Texas has long ranked at or near the top of all states for highest homeowner insurance premiums, thanks to our toothless Department of Insurance and the Republican Legislature that took away almost all enforcement power. Now it’s no surprise to learn that State Farm is going to set new records for insurance premiums in the Dallas area. The details were provided by the Dallas Morning News. Here are excerpts:
State Farm Insurance is charging some of the highest premiums for homeowner coverage in North Texas despite the company’s repeated claims — in court and the public arena — that its rates are fair and competitive with other major insurers.
New rate figures compiled by the Texas Department of Insurance show that State Farm, the largest property insurer in the state, is charging premiums well above average rates for the 27 largest companies doing business in the Dallas area.
Premiums charged by State Farm are significant because the company has been locked in a legal battle for nearly eight years with state regulators, who contend the insurer owes its customers at least $350 million for overcharges dating to 2003. The state’s consumer advocate for insurance once estimated the overcharges at close to $1 billion.
For example, State Farm said its annual premium is $1,679 on a 10-year-old brick home in North Dallas insured for $150,000. That was well above the average $1,298 premium. Just three small companies had higher premiums than State Farm, and one — Metropolitan Lloyds — was almost the same.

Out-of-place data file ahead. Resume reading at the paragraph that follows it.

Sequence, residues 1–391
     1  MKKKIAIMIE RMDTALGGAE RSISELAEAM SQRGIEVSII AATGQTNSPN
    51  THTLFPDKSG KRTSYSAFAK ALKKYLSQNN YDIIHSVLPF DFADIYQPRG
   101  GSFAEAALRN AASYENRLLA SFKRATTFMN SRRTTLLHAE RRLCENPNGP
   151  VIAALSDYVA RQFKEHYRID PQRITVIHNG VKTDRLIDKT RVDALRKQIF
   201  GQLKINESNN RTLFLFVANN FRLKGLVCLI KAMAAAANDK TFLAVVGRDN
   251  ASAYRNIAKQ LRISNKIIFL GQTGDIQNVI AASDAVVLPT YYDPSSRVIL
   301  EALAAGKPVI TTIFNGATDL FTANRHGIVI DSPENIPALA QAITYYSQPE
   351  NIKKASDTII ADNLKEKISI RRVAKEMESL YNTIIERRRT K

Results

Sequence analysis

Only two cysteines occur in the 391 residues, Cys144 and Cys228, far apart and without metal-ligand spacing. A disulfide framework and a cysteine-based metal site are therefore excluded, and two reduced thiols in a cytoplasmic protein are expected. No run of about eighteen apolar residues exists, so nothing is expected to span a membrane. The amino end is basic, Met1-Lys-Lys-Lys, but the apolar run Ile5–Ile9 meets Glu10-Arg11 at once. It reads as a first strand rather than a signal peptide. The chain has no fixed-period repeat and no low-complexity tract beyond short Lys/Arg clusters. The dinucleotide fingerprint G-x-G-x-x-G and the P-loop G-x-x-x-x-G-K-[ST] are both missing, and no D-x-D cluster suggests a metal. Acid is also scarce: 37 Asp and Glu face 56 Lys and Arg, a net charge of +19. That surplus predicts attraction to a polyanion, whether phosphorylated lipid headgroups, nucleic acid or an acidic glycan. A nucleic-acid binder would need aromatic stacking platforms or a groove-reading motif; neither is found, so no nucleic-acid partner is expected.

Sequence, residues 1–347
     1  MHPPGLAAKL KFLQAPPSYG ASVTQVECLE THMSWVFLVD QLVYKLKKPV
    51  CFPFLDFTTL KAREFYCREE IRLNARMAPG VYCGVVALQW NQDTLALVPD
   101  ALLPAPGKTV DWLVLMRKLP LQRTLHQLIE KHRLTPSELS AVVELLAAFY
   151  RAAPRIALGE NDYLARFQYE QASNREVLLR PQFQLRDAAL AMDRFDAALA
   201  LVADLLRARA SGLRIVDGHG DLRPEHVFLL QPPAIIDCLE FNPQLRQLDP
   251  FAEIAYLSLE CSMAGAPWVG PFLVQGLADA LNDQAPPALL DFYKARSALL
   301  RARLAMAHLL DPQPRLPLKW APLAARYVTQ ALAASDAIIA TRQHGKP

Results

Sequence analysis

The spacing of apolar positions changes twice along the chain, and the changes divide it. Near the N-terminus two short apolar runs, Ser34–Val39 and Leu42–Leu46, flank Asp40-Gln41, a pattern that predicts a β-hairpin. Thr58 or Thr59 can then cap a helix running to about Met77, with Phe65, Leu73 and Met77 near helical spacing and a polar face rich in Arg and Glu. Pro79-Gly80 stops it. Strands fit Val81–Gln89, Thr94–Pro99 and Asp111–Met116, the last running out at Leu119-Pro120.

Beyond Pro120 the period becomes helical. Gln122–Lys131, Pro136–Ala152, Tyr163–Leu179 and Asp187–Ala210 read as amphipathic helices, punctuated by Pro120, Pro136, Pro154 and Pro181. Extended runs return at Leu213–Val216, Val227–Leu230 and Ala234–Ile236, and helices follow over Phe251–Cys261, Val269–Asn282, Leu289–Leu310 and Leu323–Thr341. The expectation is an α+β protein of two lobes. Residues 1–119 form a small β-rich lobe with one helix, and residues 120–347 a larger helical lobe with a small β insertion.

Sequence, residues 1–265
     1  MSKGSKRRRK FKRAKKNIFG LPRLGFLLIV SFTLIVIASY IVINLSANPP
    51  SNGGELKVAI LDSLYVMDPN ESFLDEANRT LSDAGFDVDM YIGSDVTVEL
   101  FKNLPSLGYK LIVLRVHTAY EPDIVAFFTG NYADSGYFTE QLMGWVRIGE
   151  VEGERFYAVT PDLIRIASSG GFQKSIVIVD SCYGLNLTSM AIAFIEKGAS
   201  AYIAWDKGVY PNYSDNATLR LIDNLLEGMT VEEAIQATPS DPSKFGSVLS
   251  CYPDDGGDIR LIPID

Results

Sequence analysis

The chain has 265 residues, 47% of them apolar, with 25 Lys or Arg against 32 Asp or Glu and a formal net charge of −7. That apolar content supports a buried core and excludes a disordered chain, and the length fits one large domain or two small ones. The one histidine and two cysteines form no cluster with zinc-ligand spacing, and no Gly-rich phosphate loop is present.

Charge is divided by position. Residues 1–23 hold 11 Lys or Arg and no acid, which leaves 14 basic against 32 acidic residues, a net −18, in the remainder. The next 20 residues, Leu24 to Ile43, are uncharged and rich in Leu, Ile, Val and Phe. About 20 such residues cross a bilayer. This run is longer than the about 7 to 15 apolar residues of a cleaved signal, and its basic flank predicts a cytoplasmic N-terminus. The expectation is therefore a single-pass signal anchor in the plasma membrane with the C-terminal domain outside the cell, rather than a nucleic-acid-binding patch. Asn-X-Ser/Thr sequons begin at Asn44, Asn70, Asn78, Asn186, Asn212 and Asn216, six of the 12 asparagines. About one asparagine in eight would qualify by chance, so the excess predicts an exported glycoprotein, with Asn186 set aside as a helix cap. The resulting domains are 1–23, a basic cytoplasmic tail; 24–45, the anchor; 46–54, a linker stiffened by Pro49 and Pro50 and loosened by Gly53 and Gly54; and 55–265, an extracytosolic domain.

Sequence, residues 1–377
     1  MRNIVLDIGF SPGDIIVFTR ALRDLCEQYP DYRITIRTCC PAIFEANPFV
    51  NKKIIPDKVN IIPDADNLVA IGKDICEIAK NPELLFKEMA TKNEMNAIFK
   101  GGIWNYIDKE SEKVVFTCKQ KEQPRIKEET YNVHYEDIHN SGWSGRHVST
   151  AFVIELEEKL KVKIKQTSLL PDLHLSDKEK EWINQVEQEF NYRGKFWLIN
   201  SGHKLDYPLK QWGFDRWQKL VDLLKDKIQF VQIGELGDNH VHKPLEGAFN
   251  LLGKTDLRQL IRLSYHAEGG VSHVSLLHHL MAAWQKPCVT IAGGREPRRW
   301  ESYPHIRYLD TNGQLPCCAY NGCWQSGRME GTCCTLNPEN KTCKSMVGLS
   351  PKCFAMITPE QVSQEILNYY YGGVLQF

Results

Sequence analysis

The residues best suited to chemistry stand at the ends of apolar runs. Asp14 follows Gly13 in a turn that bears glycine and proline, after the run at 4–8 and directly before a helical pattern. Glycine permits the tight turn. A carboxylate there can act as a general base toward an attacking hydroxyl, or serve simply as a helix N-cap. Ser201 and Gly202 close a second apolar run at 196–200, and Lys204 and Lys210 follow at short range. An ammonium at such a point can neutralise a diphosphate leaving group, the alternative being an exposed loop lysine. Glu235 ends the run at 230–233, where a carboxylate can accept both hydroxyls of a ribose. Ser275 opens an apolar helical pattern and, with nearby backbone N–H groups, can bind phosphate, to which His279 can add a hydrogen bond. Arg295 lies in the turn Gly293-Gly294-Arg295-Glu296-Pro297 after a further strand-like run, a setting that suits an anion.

Figures were similar in other Dallas-area ZIP codes studied by The Dallas Morning News . In Austin, Houston and San Antonio, State Farm premiums were also among the highest listed of the two dozen or so companies selling homeowners policies in each area.
Consumer representatives said they have noticed that State Farm is charging higher rates than most insurers.
“I am not surprised at all,” Texas Public Insurance Counsel Deeia Beck said of the company’s rates. She noted that when several insurers were asked to lower their rates after a massive insurance reform law was passed by the Legislature several years ago, only State Farm said no.
“It has had a cumulative effect. State Farm was the only company that refused to lower its rates, so their base has been higher for several years,” she said.
Alex Winslow of Texas Watch, a consumer group active in insurance issues, said State Farm continues to be “the bully on the block” in property insurance and can often dictate the terms of the market because of its size. State Farm Lloyds, the company’s home insurance subsidiary, holds nearly 29 percent of the market.
“The Texas Department of Insurance has basically been letting them charge whatever they want. State Farm is calling the shots,” said Winslow, pointing to twin rate increases by the insurer in late 2009 and early 2010 that together boosted rates as much as 35 percent for many customers in Dallas County and surrounding areas.